Sometimes source-generated noise and incorrect processing (for example residual NMO due to erroneous velocity picks, incomplete migration, or other systematic errors) can accentuate the footprint.

This noise can interfere with the mapping of stratigraphic features and fault patterns, posing a challenge to seismic interpreters working in both exploration and development settings.

To demonstrate the relevance of the phenomenon I show below a gallery of examples from the literature of severe footprint in land data: an amplitude time slice (Figure 1a) and a vertical section (Figure 1b) from a Saudi Arabian case study, some seismic attributes (Figures 2, 3, 4, and 5), and also some modeled streamer data (Figure 6).

Bannagi combo

Figure 1. Amplitude time slice (top, time = 0.44 s) showing footprint in both inline and crossline direction, and amplitude section (bottom) highlighting the effect in the vertical direction. From Al-Bannagi et al. Copyrighted material.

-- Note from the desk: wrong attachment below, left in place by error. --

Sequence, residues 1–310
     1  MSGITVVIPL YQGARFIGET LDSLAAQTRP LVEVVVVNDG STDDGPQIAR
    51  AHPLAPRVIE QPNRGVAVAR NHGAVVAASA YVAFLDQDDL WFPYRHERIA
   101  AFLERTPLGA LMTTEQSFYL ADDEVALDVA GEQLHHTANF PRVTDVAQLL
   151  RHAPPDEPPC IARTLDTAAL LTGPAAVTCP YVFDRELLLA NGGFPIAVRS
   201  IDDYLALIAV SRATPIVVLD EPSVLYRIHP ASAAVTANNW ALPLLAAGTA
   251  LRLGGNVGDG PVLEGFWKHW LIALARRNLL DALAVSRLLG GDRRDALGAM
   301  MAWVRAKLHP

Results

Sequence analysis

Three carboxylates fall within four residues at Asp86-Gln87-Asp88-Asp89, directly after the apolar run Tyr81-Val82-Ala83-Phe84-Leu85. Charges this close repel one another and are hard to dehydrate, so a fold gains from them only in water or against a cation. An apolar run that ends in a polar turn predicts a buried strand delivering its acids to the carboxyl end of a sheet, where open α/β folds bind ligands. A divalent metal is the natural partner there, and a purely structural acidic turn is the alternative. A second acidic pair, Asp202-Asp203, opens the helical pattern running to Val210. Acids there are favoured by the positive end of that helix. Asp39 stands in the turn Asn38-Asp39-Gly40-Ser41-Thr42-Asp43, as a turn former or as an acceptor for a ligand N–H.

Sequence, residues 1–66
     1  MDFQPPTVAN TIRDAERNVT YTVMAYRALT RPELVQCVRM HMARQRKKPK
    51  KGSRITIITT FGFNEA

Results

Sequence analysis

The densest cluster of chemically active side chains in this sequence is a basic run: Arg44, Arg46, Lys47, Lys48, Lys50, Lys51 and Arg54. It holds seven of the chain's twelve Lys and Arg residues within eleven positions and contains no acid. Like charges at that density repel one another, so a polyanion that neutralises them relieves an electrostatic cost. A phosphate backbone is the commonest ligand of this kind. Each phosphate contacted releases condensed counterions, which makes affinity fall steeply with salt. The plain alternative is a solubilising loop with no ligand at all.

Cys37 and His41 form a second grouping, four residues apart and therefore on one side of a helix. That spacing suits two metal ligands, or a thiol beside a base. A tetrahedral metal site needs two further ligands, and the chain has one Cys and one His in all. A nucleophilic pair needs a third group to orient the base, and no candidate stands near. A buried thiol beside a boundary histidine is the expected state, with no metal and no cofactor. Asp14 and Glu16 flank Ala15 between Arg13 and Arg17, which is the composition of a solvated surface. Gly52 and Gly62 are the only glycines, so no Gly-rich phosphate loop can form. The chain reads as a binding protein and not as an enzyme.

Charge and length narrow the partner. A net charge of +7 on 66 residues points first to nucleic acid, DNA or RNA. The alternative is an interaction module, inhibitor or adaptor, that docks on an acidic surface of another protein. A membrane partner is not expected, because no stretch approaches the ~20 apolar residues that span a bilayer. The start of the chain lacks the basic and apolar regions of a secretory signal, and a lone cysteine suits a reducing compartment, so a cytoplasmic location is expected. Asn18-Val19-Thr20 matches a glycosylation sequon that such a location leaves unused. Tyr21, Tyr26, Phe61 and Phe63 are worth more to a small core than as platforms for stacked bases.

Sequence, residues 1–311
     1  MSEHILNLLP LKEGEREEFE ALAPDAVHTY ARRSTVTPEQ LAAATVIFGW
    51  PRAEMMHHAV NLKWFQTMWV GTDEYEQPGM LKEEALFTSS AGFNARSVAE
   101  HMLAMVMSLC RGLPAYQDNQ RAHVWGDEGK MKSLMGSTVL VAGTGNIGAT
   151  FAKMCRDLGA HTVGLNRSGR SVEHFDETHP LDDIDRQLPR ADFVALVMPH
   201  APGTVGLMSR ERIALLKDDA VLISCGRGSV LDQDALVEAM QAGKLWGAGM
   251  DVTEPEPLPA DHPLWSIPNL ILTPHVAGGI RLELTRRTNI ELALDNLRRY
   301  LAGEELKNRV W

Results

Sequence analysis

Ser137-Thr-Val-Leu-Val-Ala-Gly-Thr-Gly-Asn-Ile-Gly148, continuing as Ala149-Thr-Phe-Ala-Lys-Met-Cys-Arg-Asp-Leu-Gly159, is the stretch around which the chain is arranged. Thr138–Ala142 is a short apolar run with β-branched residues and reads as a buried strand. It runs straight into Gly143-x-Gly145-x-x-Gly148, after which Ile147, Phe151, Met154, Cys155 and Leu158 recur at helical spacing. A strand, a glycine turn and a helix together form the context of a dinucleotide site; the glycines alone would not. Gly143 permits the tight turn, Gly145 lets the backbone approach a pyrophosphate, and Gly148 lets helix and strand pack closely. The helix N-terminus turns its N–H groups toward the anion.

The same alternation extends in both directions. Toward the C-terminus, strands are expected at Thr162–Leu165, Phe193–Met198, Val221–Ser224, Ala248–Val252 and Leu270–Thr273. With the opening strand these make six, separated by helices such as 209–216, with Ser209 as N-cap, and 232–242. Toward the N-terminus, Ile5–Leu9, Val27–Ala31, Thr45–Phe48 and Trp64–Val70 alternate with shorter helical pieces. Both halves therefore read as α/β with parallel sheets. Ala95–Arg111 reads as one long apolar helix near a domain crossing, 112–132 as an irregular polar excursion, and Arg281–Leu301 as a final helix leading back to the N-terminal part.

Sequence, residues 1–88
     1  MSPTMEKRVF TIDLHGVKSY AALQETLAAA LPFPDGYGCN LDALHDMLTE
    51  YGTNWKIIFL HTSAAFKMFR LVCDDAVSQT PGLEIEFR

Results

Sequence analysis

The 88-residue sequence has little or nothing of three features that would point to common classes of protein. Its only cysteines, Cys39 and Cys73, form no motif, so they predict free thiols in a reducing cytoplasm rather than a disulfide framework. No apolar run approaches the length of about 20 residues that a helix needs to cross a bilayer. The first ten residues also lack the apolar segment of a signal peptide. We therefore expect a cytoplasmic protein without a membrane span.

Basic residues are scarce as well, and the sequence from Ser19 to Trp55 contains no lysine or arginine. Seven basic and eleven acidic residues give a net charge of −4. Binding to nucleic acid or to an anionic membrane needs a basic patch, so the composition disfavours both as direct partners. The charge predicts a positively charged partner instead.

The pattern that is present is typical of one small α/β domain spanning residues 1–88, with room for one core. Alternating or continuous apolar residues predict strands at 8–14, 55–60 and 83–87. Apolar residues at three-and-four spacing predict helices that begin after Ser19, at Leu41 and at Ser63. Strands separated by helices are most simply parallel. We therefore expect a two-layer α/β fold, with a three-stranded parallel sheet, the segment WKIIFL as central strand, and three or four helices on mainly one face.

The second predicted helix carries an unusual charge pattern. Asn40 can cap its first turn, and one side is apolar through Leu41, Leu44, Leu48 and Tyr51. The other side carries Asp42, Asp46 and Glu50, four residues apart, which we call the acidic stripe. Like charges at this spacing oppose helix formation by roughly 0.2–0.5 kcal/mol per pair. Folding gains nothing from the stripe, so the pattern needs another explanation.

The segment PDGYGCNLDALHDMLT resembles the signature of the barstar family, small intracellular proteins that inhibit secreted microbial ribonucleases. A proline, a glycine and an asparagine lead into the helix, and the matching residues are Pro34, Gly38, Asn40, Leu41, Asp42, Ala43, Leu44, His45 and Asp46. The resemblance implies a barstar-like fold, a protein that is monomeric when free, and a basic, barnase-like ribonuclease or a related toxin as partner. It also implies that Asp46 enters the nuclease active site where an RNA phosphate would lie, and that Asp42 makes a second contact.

Penobscop_sobel

Figure 2. Edge detection (Sobel filter) on the Penobscot 3D horizon (average time ~= 0.98 s) displaying N-S footprint. From Hall.

F3_shallow_sobel

Figure 3. Edge detection (Sobel filter) on a shallow horizon (average time ~= 0.44 s)  from the F3 Netherlands 3D survey displaying E-W footprint.

Davogustto and Marfurt

Figure 4. Similarity attribute (top , time = 0.6 s), and most positive curvature (bottom, time = 1.3 s), both showing footprint. From Davogustto and Marfurt. Copyrighted material.

Chopra-Larsen

Figure 5. Amplitude time slice (top, time = 1.32 s) the corresponding  coherence section  (bottom) both showing footprint. From Chopra and Larsen. Copyrighted material.

Long et al

Figure 6. Acquisition footprint in the form of low fold striation due to dip streamer acquisition. From Long et al. Copyrighted material.